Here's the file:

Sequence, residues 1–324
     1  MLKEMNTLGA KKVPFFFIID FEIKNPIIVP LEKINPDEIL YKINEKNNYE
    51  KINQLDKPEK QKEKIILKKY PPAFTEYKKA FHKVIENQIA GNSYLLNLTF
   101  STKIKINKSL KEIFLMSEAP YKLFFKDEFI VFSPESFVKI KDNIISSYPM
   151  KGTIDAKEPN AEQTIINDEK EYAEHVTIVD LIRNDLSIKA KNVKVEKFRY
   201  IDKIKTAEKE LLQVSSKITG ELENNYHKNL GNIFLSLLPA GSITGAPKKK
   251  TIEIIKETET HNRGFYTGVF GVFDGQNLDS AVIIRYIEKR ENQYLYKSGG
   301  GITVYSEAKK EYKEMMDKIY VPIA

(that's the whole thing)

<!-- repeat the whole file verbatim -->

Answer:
Sequence, residues 1–324
     1  MLKEMNTLGA KKVPFFFIID FEIKNPIIVP LEKINPDEIL YKINEKNNYE
    51  KINQLDKPEK QKEKIILKKY PPAFTEYKKA FHKVIENQIA GNSYLLNLTF
   101  STKIKINKSL KEIFLMSEAP YKLFFKDEFI VFSPESFVKI KDNIISSYPM
   151  KGTIDAKEPN AEQTIINDEK EYAEHVTIVD LIRNDLSIKA KNVKVEKFRY
   201  IDKIKTAEKE LLQVSSKITG ELENNYHKNL GNIFLSLLPA GSITGAPKKK
   251  TIEIIKETET HNRGFYTGVF GVFDGQNLDS AVIIRYIEKR ENQYLYKSGG
   301  GITVYSEAKK EYKEMMDKIY VPIA